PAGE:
The business user's guide to Google Voice


All right, quiz time: In a single sentence, can you tell me exactly what Google Voice does?

It’s a question even the most giddy Google-appreciating geeks struggle to answer succinctly — and for normal, non-tech-obsessed Homo sapiens, the answer typically falls somewhere between “Huh?” and “Wait, is that the same thing as gChat?”

Really, it’s no surprise. Google Voice is one of Google’s most complex, confusing, and poorly promoted services. But it’s also one of its most powerful — if you take the time to figure out exactly what it does and how it can work for you.

And especially if you’re using your phone for any manner of business, it can make a night-and-day difference in your ability to stay as connected and productive as possible, no matter where you’re working or what type of device you’re using at any given moment. Without exaggeration, it’ll completely change the way you think about your modern mobile devices and what a phone number even is.

Consider this your unofficial guide to getting started with Google Voice and then getting the most out of the underappreciated but potential-packed service.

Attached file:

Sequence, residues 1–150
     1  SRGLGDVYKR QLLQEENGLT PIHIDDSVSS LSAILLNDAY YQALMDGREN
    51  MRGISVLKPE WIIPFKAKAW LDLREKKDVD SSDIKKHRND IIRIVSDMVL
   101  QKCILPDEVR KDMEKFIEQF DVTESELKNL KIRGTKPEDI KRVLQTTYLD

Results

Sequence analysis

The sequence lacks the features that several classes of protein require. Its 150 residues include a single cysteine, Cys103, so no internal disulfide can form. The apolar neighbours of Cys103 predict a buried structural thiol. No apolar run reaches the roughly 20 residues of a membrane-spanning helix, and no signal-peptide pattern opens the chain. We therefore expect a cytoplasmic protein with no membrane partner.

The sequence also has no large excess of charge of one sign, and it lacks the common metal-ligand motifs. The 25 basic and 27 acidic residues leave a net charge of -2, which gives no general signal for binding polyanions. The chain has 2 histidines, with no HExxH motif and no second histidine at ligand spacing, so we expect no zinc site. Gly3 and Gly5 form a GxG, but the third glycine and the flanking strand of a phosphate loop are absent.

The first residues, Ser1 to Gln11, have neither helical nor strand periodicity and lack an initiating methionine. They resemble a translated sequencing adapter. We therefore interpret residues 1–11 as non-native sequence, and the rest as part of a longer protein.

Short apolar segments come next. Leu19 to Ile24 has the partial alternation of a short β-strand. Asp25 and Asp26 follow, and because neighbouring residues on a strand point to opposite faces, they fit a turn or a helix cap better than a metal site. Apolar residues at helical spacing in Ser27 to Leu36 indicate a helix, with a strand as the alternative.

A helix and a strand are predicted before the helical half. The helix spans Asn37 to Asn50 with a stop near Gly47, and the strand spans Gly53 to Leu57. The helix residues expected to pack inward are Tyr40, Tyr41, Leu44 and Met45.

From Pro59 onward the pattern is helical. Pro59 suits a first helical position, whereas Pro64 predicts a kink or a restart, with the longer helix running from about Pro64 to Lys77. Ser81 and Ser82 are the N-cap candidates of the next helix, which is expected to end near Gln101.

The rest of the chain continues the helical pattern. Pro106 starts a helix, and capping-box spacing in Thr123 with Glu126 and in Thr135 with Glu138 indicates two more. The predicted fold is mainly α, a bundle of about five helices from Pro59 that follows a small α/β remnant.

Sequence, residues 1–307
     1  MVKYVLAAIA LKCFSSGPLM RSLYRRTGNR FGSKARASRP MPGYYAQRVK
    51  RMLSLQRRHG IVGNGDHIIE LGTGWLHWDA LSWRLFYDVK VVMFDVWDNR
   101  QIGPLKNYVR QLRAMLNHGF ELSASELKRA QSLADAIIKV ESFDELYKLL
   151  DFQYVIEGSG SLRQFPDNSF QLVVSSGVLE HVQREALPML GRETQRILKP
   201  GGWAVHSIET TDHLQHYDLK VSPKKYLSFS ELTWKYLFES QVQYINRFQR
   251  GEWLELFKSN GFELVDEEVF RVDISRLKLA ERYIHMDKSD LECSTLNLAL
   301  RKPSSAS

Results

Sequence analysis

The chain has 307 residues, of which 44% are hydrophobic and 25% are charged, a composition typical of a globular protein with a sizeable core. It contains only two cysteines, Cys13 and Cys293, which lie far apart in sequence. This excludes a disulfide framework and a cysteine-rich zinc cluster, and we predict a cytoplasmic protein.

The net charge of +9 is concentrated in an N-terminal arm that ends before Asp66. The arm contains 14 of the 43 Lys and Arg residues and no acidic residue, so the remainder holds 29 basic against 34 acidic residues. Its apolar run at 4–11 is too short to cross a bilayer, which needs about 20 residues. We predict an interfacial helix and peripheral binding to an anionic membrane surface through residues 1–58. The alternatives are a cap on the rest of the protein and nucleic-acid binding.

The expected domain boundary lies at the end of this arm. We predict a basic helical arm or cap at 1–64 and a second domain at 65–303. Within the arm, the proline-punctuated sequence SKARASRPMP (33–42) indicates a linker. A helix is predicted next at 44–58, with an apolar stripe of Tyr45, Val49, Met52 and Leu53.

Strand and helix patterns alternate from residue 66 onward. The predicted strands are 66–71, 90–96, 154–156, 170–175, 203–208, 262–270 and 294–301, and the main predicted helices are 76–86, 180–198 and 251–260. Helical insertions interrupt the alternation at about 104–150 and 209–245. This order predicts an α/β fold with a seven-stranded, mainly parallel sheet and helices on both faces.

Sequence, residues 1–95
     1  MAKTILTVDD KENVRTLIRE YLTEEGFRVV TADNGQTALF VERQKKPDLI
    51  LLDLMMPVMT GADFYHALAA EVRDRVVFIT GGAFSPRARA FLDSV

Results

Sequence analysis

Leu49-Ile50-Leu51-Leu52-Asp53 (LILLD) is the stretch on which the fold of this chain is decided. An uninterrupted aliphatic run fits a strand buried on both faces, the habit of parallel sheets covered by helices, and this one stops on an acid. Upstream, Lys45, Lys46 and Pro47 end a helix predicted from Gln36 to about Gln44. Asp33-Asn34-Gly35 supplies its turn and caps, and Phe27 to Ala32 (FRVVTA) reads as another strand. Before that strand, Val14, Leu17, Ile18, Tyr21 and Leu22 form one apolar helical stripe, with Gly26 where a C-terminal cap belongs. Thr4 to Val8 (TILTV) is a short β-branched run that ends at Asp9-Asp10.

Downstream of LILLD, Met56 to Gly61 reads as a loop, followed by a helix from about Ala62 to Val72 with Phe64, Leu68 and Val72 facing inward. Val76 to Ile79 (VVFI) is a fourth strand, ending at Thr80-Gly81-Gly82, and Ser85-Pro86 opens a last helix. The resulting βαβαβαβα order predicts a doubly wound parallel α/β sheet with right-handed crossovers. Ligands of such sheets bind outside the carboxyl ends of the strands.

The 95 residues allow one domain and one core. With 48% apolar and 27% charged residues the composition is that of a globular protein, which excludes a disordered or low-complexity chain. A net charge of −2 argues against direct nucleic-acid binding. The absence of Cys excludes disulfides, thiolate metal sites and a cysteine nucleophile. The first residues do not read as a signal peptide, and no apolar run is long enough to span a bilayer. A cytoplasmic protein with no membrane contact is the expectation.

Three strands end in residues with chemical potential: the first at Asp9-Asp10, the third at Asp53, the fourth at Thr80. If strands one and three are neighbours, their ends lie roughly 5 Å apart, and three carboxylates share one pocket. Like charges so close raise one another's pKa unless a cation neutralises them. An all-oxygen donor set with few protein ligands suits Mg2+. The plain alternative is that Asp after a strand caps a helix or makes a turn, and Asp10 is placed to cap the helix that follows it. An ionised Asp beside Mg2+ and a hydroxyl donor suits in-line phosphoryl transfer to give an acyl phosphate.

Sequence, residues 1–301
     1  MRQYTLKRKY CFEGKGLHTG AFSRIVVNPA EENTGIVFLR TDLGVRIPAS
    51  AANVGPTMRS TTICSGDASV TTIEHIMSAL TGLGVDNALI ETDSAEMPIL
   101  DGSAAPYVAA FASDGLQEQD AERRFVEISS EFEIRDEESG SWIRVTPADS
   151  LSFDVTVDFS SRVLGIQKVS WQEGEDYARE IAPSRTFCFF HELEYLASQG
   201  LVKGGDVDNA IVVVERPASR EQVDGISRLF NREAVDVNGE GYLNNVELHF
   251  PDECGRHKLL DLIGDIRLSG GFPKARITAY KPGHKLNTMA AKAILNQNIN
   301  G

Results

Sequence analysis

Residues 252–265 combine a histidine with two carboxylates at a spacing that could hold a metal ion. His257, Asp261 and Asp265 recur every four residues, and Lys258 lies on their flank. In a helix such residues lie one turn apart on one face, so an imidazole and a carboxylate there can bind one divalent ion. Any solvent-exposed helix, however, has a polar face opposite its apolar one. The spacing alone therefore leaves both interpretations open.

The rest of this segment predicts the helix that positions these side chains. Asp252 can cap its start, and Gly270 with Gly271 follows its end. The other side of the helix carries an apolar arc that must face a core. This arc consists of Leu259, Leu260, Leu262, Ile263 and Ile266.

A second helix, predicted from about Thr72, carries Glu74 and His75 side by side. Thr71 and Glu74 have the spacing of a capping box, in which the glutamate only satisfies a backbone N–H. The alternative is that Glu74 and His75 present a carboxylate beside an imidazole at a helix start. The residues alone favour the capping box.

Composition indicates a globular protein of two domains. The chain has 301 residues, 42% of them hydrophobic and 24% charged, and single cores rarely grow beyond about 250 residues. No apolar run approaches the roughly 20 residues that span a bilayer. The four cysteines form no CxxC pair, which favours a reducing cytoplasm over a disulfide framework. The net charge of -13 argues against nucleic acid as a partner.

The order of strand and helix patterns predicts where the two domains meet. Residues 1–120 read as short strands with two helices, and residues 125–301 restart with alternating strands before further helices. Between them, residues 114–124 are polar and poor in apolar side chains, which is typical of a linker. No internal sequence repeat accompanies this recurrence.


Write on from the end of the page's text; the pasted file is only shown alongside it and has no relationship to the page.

The Google Voice business basics

We’ll start with the basics — and go back to that question I posed at the beginning of this conversation: What exactly is Google Voice?

In its simplest form, Google Voice is a cloud-based service that manages your phone number for you. Instead of being connected to a SIM card and tied specifically to a single physical smartphone, your number lives in a fluffy Google server and is controlled entirely by Google software.

Quirky as it may seem, that arrangement ultimately frees your digits from their traditional shackles and allows you to communicate in all sorts of convenient, efficiency-enhancing ways.

At its core, that empowers you to:

  1. Make and receive calls using your standard number on any device — phone, tablet, or even desktop computer. No one you’re talking to will know the difference.
  2. Send and receive regular text messages through the Voice website or apps on any device anytime — even with multiple devices being connected simultaneously.

Together, that means any phone, tablet, or computer where you sign into Google Voice effectively becomes “your phone” — regardless of what type of connection it relies on or if it even has active cellular service.

So, for instance, you could:

  • Install the Google Voice app on an old Android phone and then have it ring whenever a call comes into your number, be able to make outgoing calls on it from your number, and be able to send and receive text messages on it with your regular number as long as it’s connected to Wi-Fi.
  • Install the Google Voice app onto a Chromebook or Android tablet and communicate with customers and co-workers in all those same ways from there.